Machinery Lubrication

Machinery Lubrication January - February 2019

Machinery Lubrication magazine published by Noria Corporation

Issue link:

Contents of this Issue


Page 18 of 74

14 | January - February 2019 | www . Conta mination is the cause of approximately 90 percent of all hydraulic system failures. If the systems are maintained at the desired cleanliness level and the oil tempera- ture is controlled, then downtime can be kept to a minimum. e ideal oil temperature for an industrial hydraulic system is 120 degrees F. If the temperature reaches 140 degrees F, oil begins to break down. e life of the hydraulic oil will be cut in half for every rise in temperature of 15 degrees F above 140 degrees F. Mobile hydraulic systems gener- ally are designed to operate at higher temperatures due to their smaller reservoir size, which limits the amount of heat that can be dissipated to the atmosphere through reservoir walls. A higher viscosity oil is often used in mobile systems in order to operate at higher temperatures. C ont a m i n a nt pa r t ic le s i n hydraulic systems are measured in microns. One micron is one- millionth of a meter. e clearances inside most pumps and valves are approximately 0.0004 inch. How small is this? Consider that a grain of salt is 0.0039 inch or 100 microns. e lower visibility of the human eye is 40 microns (0.00158 inch). A red blood cell is 0.0003 inch or 8 microns. A particle much smaller than what the human eye can see is capable of causing a hydraulic system failure. Hydraulic f ilters should be selected to protect the most critical component in the hydraulic system. In the "old days," a 10-micron filter was used to protect a system without servo valves, but there was no measurement for how efficient the 10-micron filter was. Did it remove all particles that were 10 microns and above, some of the particles or 25 percent? Today, filters are assigned a beta rating to determine their effi- ciency. e beta rating represents the number of particles that enter the filter relative to the number of particles that are flowing out. System filters should have a beta rating of 75 or higher. For a 10-micron filter, this is expressed as B 10 =75. is means that for every 75 solid, spherical particles entering the filter which are 10 microns and above, only one particle will exit the outlet port. Beta ratings of 200 are common for many filters in use today. Contamination levels in hydraulic systems are measured by the ISO 4406 cleanliness code. e desired target level is dependent on the most critical hydraulic component and the pressure in the system. is is expressed in three numbers, which represent the number of contami- nants that are 4, 6 and 14 microns and above in a 1-milliliter oil sample. For example, if a variable Minimizing Hydraulic Downtime with Proper Filtration HYDRAULICS Al Smiley | GPM Hydraulic Consulting "If one or more systems in your plant are not meeting the recommended ISO cleanliness level, examine the system to ensure the filters are in the proper locations." Some hydraulic units have an in- expensive breather that doubles as a fill cap. A desiccant breather can be used to remove moisture from the air before it enters the tank.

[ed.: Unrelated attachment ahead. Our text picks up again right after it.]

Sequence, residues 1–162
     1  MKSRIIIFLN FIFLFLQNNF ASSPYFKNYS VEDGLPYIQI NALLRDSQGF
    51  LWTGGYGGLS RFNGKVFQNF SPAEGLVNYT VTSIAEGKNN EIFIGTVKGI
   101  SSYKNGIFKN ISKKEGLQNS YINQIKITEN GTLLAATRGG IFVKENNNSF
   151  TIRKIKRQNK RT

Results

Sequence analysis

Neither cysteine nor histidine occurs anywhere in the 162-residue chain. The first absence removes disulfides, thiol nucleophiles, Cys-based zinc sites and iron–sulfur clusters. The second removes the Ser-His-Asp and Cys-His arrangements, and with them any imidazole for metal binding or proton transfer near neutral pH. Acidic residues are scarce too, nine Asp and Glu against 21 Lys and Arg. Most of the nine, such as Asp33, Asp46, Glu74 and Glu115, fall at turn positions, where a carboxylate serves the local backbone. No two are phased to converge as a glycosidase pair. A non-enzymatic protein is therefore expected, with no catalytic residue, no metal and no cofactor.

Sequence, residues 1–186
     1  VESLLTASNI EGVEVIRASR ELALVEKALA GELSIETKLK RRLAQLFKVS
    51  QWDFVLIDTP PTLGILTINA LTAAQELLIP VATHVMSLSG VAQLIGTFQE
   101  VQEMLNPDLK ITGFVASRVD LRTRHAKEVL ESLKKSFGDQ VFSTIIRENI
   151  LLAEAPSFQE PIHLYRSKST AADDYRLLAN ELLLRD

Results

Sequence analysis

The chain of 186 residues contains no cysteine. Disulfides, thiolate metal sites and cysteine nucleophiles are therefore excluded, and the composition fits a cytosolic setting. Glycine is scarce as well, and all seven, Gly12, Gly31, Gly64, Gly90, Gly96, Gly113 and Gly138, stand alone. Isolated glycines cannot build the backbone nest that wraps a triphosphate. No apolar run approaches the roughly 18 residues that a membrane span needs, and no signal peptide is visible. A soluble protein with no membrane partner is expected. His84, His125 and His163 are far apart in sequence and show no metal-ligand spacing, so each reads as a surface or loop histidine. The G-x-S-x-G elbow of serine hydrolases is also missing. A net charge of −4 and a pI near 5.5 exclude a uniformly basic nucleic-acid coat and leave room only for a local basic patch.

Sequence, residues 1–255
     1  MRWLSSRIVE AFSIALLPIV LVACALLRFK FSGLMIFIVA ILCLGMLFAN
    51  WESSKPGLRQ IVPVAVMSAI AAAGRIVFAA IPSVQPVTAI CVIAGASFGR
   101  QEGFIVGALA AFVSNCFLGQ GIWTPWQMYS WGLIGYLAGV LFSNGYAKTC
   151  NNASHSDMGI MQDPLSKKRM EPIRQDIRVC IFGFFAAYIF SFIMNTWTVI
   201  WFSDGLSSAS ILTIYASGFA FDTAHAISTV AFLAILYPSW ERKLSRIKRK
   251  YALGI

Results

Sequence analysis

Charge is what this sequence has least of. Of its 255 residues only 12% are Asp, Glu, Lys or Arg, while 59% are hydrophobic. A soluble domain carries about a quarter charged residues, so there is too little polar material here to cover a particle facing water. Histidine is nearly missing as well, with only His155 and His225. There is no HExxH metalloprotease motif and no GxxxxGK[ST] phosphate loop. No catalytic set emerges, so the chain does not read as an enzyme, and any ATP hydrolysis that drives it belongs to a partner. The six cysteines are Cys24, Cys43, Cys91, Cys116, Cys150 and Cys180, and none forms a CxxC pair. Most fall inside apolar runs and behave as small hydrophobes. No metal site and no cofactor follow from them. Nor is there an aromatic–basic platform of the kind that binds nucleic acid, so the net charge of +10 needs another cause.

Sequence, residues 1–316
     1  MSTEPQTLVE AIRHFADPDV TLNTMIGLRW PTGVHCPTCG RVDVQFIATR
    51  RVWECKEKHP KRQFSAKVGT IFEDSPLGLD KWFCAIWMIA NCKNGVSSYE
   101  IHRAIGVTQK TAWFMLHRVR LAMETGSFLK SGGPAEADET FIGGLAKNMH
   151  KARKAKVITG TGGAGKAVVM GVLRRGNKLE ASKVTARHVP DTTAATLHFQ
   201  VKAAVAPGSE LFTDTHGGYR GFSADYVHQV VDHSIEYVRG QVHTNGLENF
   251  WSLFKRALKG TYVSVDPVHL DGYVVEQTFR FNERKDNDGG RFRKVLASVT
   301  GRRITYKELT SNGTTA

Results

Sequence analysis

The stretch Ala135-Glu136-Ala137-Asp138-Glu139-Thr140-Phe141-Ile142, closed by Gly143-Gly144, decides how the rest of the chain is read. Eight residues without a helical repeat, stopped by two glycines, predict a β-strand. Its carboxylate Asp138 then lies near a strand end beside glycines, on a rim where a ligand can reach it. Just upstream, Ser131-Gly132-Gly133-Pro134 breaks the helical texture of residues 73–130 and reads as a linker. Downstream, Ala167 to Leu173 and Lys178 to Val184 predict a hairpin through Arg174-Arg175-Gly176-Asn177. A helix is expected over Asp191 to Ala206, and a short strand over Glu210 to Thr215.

Articles in this issue

Links on this page

Archives of this issue

view archives of Machinery Lubrication - Machinery Lubrication January - February 2019